1.5 million ransomware victims did not have to pay to get their files back

Europol has announced that it has helped more than 1.5 million people get rid of ransomware over the past 6 years. The number of victims increases from year to year, as does the number of such software.

Computer attacks have become commonplace: hospitals, universities and even the sites of certain public services such as La Poste are regularly targeted by ransomware. This one ” ransomware Developed by cyber criminals, it infects victims’ computers and encrypts the data on them, making them inaccessible. The only way to find them, according to the criminals, is to pay a ransom very often.

But it’s not just companies and hospitals that are targeted: a large number of individuals are also affected every year. Europol, the European Union’s police station, has been helping more than 1.5 million people get rid of ransomware for 6 years, it said in a press release on July 26, 2022.

Ransomware attacks are on the rise. // Source: Canva
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Cryptolocker is the first truly modern ransomware // Source: Christiaan Colen / Flickr

Hundreds of ransomware listed

It was the “No More Ransom” initiative that helped ransomware victims. Launched 6 years ago by Europol and the Dutch police, the project offers those affected the opportunity to decrypt their files using numerous tools – all without having to pay.

No More Ransom lists a large number of used ransomware and then offers suitable decryption tools for free. So in the list we find some well-known names such as ReVil, the software launched by a group of very well-known cyber criminals, or the one published by Maze and Egregor, other notorious gangs.

The initiative now offers 136 tools that work with 165 ransomware and its variants – so since its inception in 2016, it has helped 1.5 million people crack their computers. While the figure itself is good news, it nevertheless points to a trend: unfortunately, the number and severity of attacks is increasing every year.

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An example of ransomware. // Source: Canva

A revealing figure

The reasons for this are multiple: first, equipment is rarely protected as it should be. The security of the computer systems of French hospitals would also leave something to be desired, as the director of Anssi noted in September 2021. In addition to the many flaws exploited by cybercriminals, there is also the fact that affected people are often willing to pay to find their files — or, in the case of hospitals, to reboot their IT systems as quickly as possible, so that they can resume their activities.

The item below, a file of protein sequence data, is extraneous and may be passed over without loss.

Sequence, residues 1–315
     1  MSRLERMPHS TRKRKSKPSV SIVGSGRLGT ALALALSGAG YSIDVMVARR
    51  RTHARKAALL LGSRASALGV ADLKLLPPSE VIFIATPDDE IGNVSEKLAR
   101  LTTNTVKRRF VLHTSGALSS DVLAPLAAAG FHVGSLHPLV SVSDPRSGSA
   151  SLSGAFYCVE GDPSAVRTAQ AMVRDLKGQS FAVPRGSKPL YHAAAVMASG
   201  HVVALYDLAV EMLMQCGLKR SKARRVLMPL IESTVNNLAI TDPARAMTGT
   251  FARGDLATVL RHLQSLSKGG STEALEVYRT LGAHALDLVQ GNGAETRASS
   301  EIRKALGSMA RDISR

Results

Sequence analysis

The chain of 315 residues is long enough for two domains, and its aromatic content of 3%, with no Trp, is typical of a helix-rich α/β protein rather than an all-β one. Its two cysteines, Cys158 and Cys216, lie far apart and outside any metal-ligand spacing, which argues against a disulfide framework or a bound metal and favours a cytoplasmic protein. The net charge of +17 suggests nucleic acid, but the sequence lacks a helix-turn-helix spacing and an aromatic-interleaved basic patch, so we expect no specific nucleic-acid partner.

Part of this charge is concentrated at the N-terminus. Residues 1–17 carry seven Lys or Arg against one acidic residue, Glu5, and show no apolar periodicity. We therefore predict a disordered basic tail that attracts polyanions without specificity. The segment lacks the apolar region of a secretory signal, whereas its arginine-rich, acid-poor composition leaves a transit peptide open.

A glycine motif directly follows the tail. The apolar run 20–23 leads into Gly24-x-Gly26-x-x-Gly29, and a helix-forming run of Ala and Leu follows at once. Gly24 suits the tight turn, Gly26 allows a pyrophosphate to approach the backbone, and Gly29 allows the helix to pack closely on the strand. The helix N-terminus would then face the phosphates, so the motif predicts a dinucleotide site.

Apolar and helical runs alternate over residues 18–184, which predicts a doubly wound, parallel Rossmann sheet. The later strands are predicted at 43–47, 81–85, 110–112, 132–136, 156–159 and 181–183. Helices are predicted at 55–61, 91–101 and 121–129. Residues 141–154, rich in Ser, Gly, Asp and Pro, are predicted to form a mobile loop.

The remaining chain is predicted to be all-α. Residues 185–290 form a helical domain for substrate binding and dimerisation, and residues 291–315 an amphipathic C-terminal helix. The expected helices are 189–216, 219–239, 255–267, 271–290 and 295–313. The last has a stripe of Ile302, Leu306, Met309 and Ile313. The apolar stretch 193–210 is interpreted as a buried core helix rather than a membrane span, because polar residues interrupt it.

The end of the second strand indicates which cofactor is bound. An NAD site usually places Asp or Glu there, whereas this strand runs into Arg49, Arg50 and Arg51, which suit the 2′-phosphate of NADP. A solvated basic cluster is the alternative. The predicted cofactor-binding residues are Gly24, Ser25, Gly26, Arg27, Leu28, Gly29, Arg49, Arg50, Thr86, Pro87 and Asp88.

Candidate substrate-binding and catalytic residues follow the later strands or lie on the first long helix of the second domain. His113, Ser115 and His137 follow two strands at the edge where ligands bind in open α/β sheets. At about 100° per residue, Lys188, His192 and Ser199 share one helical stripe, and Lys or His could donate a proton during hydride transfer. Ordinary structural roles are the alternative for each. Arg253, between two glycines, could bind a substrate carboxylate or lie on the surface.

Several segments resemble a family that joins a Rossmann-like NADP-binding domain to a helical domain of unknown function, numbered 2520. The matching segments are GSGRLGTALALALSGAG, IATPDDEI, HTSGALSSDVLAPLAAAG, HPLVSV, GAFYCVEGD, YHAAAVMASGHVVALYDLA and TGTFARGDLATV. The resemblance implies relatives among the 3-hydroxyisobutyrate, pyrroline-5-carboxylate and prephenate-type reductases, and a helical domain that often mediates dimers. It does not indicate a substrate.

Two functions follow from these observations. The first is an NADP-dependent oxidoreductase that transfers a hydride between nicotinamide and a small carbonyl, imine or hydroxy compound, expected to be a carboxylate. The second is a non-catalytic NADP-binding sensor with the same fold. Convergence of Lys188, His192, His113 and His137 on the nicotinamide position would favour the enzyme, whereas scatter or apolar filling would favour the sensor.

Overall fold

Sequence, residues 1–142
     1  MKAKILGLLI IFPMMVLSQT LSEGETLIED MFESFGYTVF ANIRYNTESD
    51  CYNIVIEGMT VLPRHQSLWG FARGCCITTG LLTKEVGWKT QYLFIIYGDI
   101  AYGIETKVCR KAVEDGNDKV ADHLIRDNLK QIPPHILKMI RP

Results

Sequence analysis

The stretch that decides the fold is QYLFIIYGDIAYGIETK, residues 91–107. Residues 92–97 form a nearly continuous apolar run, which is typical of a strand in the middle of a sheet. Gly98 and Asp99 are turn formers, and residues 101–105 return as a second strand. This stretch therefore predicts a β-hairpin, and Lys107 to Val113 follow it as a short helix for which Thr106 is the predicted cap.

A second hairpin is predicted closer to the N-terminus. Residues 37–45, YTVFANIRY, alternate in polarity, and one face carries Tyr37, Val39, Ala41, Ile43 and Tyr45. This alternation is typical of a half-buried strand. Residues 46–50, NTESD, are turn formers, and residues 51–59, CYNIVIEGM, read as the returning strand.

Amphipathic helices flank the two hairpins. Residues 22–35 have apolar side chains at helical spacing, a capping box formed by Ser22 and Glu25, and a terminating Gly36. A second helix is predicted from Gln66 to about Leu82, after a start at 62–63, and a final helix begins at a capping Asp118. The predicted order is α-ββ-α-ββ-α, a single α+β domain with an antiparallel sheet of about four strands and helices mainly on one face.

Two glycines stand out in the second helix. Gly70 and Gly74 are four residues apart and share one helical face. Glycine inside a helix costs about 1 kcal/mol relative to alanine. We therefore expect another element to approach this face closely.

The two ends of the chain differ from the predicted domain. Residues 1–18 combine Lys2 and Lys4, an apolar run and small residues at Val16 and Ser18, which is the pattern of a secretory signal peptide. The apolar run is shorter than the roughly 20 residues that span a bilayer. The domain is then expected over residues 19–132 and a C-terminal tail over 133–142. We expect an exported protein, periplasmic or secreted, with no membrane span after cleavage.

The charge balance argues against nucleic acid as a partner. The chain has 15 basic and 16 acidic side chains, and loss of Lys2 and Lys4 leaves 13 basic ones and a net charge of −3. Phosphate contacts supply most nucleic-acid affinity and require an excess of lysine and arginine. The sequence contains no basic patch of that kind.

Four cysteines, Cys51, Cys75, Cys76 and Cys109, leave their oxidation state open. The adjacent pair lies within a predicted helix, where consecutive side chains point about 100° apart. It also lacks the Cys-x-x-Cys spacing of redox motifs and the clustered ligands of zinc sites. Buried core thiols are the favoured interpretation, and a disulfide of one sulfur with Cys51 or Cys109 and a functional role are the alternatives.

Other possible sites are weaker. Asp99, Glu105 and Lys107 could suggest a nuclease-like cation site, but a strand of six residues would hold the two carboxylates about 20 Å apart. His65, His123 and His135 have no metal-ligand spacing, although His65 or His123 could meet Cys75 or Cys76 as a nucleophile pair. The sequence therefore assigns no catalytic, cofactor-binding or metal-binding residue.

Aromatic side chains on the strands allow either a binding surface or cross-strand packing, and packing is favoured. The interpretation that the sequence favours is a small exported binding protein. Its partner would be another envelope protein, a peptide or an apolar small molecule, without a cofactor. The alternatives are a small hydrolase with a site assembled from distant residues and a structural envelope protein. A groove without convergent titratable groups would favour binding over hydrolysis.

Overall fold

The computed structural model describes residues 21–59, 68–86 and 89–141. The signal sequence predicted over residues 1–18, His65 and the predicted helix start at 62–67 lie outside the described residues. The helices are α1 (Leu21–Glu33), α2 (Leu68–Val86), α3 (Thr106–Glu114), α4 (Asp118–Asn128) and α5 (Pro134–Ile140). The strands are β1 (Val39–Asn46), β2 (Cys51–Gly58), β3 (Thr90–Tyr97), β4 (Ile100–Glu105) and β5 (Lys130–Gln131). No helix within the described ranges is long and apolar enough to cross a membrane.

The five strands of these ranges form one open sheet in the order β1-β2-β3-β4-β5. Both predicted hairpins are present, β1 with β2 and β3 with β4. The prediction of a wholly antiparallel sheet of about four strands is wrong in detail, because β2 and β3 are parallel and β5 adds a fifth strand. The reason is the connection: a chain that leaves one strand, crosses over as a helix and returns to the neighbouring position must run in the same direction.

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Add to that the fact that the gangs are resorting to increasingly extreme extortion methods: they don’t hesitate to harass their victims by phone, ruin their Google credentials and threaten to publish data about the victims.

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Ransomware is on the rise. // Source: Canva

Above all, even if there are statistics showing that ransomware is being used more and more, the magnitude of the phenomenon remains largely underestimated by the police. Between the fact that a certain number of victims do not report themselves, that descriptions are missing in 83% of the police procedures, or that the police and the gendarmerie do not treat them in the same way, the information available to the authorities is only partial.

If you are ever in a similar situation where your computer is infected with ransomware, all is not lost. You can use experts as well as the tools made available by No More Ransom to try to unlock your files. In any case, we do not recommend paying the required amount: hackers will come back when the ransom is paid, and you risk being attacked a second time.

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A hacker // Source: Azamat E / Unsplash

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